By Amy Caren Daniel

(Reuters) - U.S. stocks rose on Tuesday, when markets close early ahead of the July 4 holiday, boosted by energy stocks, but gains were capped by a drop in technology stocks, with Facebook sliding on renewed concerns over its data scandal.

Facebook dropped 1.9 percent after the Washington Post reported a federal probe on the data breach linked to Cambridge Analytica was broadened and will include more government agencies.

The social media company's stock weighed on the S&P technology sector, which fell 0.37 percent.


Nine of the 11 main S&P 500 sectors were higher, led by a 0.88 percent jump in the energy sector. Energy stocks held on to their gains even though crude oil prices reversed course shortly after the market opened as traders booked profits. [O/R]

Trade tensions continued to fester, with President Donald Trump on Monday warning the World Trade Organization of "doing something" if United States is not treated properly.

Also looming is a July 6 deadline when Washington is set to impose tariffs on $34 billion worth of Chinese goods.

"In the short term, company fundamentals are quite solid and the economy is strong," said Brant Houston, managing director at CIBC Private Wealth Management.

"But with the trade war looming there is a lot of uncertainty and a lot of unknowns, until we get more clarity there it is difficult for investors to jump back into the equity market."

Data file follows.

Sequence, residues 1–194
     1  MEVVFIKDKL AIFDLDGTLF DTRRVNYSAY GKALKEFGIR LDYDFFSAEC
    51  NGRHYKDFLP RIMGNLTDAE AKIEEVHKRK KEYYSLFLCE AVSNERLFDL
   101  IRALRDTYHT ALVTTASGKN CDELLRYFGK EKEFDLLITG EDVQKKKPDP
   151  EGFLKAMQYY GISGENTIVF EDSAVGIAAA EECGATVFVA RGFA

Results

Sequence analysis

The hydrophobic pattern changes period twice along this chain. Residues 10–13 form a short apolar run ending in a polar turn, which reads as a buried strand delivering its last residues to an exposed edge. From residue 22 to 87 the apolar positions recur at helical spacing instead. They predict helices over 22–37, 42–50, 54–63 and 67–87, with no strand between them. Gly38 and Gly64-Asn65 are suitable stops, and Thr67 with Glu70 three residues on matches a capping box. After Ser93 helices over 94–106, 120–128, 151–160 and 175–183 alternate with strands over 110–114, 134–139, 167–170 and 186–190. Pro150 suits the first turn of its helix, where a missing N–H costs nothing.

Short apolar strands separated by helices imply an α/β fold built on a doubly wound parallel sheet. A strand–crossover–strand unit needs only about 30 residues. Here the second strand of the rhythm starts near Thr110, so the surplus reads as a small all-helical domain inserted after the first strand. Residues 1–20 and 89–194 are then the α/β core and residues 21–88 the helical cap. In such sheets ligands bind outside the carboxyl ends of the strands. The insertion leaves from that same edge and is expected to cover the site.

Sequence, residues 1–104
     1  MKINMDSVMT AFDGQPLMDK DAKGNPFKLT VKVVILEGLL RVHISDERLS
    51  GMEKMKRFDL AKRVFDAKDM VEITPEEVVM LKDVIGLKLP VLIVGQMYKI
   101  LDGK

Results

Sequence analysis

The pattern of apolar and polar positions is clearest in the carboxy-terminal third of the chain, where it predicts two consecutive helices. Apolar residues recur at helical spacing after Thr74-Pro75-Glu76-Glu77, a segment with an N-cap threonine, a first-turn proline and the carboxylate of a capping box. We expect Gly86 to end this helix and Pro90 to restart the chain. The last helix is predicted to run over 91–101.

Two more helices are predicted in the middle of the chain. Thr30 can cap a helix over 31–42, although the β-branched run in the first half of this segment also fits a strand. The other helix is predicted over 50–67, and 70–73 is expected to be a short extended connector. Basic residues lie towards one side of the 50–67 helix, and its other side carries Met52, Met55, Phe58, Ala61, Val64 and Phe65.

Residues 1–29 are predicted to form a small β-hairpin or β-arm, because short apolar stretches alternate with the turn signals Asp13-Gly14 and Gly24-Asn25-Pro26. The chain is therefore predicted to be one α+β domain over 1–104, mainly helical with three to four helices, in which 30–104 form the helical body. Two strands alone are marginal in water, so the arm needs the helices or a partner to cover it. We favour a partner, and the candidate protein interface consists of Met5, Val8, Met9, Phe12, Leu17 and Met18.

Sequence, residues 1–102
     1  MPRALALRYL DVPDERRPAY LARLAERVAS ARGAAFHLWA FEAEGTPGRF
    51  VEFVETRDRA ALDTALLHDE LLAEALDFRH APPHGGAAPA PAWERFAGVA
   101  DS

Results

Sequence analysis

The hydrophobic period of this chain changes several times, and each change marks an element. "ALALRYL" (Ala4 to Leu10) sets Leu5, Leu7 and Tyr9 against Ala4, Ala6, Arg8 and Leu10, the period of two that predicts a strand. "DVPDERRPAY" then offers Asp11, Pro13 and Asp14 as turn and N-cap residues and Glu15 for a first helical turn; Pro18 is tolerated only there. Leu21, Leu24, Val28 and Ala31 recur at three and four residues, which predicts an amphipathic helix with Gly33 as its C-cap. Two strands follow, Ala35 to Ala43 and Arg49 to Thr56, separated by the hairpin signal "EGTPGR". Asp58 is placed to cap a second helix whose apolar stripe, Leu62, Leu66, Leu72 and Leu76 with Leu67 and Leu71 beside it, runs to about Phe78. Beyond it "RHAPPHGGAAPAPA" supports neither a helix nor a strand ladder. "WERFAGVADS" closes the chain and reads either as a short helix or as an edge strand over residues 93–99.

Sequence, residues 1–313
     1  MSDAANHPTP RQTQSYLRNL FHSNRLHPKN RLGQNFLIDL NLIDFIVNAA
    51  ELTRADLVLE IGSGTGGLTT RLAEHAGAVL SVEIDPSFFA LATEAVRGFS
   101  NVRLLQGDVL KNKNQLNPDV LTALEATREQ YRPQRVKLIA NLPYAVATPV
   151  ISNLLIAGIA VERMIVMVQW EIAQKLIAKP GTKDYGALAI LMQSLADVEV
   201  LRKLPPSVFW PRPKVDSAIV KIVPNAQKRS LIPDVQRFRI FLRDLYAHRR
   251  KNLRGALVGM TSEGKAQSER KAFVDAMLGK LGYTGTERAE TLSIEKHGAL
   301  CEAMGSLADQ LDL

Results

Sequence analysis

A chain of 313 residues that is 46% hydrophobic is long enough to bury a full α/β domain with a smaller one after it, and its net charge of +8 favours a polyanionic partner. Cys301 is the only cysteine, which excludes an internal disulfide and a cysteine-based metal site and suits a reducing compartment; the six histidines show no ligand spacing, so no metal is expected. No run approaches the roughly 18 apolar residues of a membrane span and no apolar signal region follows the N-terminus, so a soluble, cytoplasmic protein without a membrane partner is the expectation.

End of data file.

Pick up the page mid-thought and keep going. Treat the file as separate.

Shares of American Airlines, United Continental and Delta Air Lines fell between 1.2 and 2.2 percent after Deutsche Bank downgraded all three stocks saying the growing U.S.-China trade dispute could weigh on their results.

At 11:21 a.m. EDT the Dow Jones Industrial Average was up 32.94 points, or 0.14 percent, at 24,340.12, the S&P 500 was up 3.42 points, or 0.13 percent, at 2,730.13 and the Nasdaq Composite was down 2.80 points, or 0.04 percent, at 7,564.88.

The stock market will close at 1 p.m. ET, ahead of the Fourth of July holiday, and trading volumes are expected to be light.

Tesla fell 5.1 percent, declining for the second straight session on questions over whether it could sustain the pace of making its Model 3 cars.

Economic data was mixed. New orders for U.S.-made goods unexpectedly rose in May, pointing to a strengthening manufacturing sector, but business spending on equipment continued to show signs of slowing.

Advancing issues outnumbered decliners by a 3.21-to-1 ratio on the NYSE and 2.06-to-1 ratio on the Nasdaq.

The S&P index recorded three new 52-week highs and two new lows, while the Nasdaq recorded 68 new highs and 21 new lows.

(Reporting by Amy Caren Daniel in Bengaluru)